The Elements of Evolution – Settlement


The transition from mobile Paleolithic to sedentary Neolithic life ways may be the most significant behavioral “revolution” in human prehistory. When hunter-gatherers domesticated plants and animals and congregated in larger settlements, they were laying the foundations for the development of complex urban societies and our modern world system. ~ American anthropologist Richard Yerkes

As with other animals, humans first settled in places of natural abundance. Prosperous hunting and gathering begat a growing population.

Hominids had doubtlessly been residing in natural shelters, such as caves, since their emergence. When the first hominin homes were constructed remains controversial. The earliest dwellings would have been made mostly of wood, thereby decaying without much of a trace. Evidence indicates that some homebody Homo erectus lived in stone huts in northeast Africa 400,000 years ago. Many populations established sedentary communities before the advent of agriculture. Semi-permanent dwellings have been found that are 35,000 years old.

 Dolní Vĕstonice

Dolní Vĕstonice is in southern Moravia, in the Czech Republic – situated at the confluence of 2 valleys, located along a stream. It was once a migration route for woolly mammoth. A tribe of Cro-Magnon appreciated that for both meat and material.

Dolní Vĕstonice was settled 29 TYA. The village thrived for thousands of years. Homes were constructed. One building was first dug out from a slope. Then a roof was supported with timber set into postholes. Walls were made of packed clay and stones. Animal skins sewn together were occasionally used to create partitions within a hut.

Mammoth bones were sometimes used to construct houses, and for fences. Huts congregated together within a fenced enclosure. A hut might house 20–25 people. Homes were heated by hearths which were the center of family life.

Flint tools were produced. Mammoth bone and ivory were also employed to craft various implements.

A kiln was used for firing clay. The clay was not just mud from the stream. Earth was carefully mixed with powdered bone to spread heat evenly, to fire the clay into a rock-hard material. Pottery was reinvented 9,000 years later in China.

Residents made ceramic figurines of animals and humans, some of which were ritualistically broken. Stylized female figures were repeatedly made. These Venuses likely had symbolic meaning.

Mammoth ivory was carved into figurative shapes. Portraitures were engraved.

Residents plaited baskets and wove fabric from plant fibers. Looms were used to make cloth.

The culture there was facilitated by the fact that people were living longer. The elderly were highly influential in society. Grandparents assisted in childcare.

Numerous artifacts show the practice of shamanism. The remains of one elderly woman’s burial indicates her being held in high spiritual esteem.

Residents buried their dead with ceremony: painting various body parts and packing along artifacts. One child was buried with a necklace of fox teeth, the skull covered with red ochre, with the body beneath mammoth shoulder blades. Families were interred together.


Pits were sometimes dug to start a housing project, as it was less effort to build down rather than up. A semi-subterranean settlement of 50 circular 1-room huts at Mallaha, in the northeast tip of Israel, started 12 TYA using this technique. Mallaha residents subsisted on fish from nearby Lake Hula, along with gathering and hunting. No evidence of agriculture or animal domestication has been found.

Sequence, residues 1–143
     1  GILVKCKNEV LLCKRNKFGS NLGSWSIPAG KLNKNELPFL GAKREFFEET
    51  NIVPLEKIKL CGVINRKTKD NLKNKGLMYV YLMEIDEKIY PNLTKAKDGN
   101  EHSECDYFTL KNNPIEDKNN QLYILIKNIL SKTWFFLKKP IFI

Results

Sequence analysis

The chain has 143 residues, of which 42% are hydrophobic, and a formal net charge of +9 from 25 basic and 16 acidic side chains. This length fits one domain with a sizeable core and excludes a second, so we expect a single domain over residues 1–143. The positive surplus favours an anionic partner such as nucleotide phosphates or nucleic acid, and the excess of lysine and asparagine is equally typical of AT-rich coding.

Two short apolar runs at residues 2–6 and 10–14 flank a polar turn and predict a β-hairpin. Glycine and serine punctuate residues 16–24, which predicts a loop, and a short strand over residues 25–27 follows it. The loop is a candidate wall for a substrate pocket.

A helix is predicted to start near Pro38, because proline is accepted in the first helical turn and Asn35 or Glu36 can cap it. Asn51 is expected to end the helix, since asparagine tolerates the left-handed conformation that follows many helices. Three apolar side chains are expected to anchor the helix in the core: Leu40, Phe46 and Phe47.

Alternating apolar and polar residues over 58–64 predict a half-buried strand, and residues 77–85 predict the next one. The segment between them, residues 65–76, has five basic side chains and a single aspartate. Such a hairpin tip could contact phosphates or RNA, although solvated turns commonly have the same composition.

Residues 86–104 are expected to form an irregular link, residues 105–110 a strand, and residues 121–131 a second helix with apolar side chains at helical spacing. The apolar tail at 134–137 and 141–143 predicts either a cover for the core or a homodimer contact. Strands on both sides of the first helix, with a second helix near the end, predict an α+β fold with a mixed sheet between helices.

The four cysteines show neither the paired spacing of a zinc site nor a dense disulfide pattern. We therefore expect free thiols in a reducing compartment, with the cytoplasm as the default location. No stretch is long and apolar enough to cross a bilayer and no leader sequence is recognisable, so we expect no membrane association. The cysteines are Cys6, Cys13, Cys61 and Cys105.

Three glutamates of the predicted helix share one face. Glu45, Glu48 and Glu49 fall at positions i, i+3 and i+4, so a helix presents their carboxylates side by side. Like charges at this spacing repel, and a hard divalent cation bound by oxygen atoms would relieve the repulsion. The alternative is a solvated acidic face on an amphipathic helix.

The rise of home construction followed development of labor-saving tools that rendered the task economically efficacious. Axes able to cut wood spurred settlement development. Sleeping indoors became increasingly popular. Fresh water, fertile fields, nearby fishing, and ample game decided settlement locations. By 7.5 TYA, all the cultivable zones in the Fertile Crescent were inhabited by sedentary agriculturalists living in villages.

Prior to the advent of agriculture, early villages died out when they exhausted local resources. The resettlement cycle repeated until crop cultivation and trade rendered location at least as important as natural resources.

 Abu Hureyra

Abu Hureyra in the Euphrates valley (now Syria) was occupied 13 TYA: a village of small huts, cut into the soft sandstone of the terrace there. Huts were supported by wooden posts and roofed with reeds and brushwood. There were underground food storage compartments.

In its 1st incarnation, Abu Hureyra was a village of a few hundred hunter-gathers at most, living off local game, fishing, and gathering wild plants. Gazelle migrated through during the summer. Year-round were sheep, cattle, and onager (wild Asian ass). Smaller food animals included birds, fox, and hare.

The area began to dry out as the climate changed. Wild seeds were gathered in response to a steep decline in the wild plants that had served as staple foods. From these seeds came gardens of cereal grasses, including rye.

The severe climactic conditions brought on by the Younger Dryas forced abandonment of Abu Hureyra 10.1 TYA. Drought had disrupted gazelle migration, devastated local populations of game, and decimated forageable plant food sources. Survival meant a more mobile existence.

Abu Hureyra went unoccupied for 500 years. Then people returned, building mud brick houses, creating a settlement 10 times as large as before: one of the largest at the time in the Middle East.

The 2nd occupation came with people growing crops, but not yet having domesticated animals. That too came in time: herding sheep and goats. In the meantime, gazelle were again hunted, as were other local animals.

Settlement at Abu Hureyra was not to last. The village was again abandoned 7 TYA.